And so it's like that, when it hits home.  When it becomes real.  I don't know that I have much more to say about it than that.  Please read more about Ben here.

Breathe with me for a moment.

In talking with Krystal yesterday, it seems like their is an overwhelming outpouring of support from America, for the first time in a long time.  It seems that we're starting to become aware of our place as part of a global community, on all levels.  I don't remember such a rallying of support when Hurricane Katrina devastated New Orleans - our own country.  And I don't think it really has anything to do with politics, or leadership, but perhaps a change in current to the realization that we are incredibly blessed in this country, where even our poor are so rich by any other standard.  Celebrities are no longer talking about helping, but pledging their help.  Brad and Angelina have pledged $1,000,000 to Haiti relief (an equal sum as pledged by multibillion-profit-earning Chase Bank).  Madonna is prepped to donate $250K.  Rock band Third Day has donated $20,000 to World Vision's relief efforts from their own aid fund.  From Chris Martin to Wyclef Jean to Ben Stiller, everyone is championing donations for the charity of choice.

I'm not a wealthy man, and I don't think any of you (my readers) are either.  But wealth has very little to do with the ability to make whatever small difference you can.  We gave what we could to World Vision.  I have friends on Facebook advocating the Red Cross, Doctors Without Borders, Lutheran World Relief, and OxFam.  For an extensive (by no means exhaustive) list of creditable aid organizations, click here.

That's heavy enough for today, I suppose.  Thank God for the health and safety that you do have.  Pray for all families affected and for the people of Haiti.  Enjoy your weekend.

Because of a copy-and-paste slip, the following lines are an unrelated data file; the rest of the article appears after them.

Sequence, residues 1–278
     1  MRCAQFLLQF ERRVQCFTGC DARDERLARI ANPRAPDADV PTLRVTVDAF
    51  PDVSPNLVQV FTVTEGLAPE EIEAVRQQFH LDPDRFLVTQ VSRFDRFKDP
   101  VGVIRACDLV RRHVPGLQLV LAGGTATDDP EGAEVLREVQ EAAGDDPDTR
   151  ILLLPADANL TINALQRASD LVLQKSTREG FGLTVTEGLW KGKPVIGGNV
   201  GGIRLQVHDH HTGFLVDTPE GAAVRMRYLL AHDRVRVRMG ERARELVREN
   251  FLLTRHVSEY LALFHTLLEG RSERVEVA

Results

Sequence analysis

Wednesday, January 13, 2010

Up to 11

Just in case you missed the reference in my last post to enjoying my Switchfoot cranked to 11.  Best.  Rock'n'Roll.  Movie.  Ever.

Weekend pots, new music

As promised, an update of my weekend studio ventures.  Just a few hours of work, and thoroughly enjoyable.  I spent most of my time working on some trimming/decorating, but I did make time to do some throwing (finished up the ^5 B-mix) and recycle about 30 pounds of clay.  Here's the basic recap:

The last of the Red B-Mix.  They need to be glazed soon.

More mountains.  This one's quite decently sized.

Some cups/mugs.  Commissioned.  Have you ordered yours?

I had the studio all to myself, and enjoyed having the opportunity to crank up some tunes.  I've found myself at the start of this year extremely satisfied with David Crowder*Band's latest, Church Music.  I don't know that I'm inclined to say this is their best release yet, but I think it might be my favorite.  They've taken the lyrical/theological growth exhibited over their career and showcased it in a flawless, uninterrupted hurricane of dance-rock the likes of which I've never heard before.  It's solid, it's cohesive, it moves and it grooves.  And you don't often get to say that about worship bands.  I was going to give you a list of key tracks, but it got too long.  So listen to it.  And I dare you not to dance.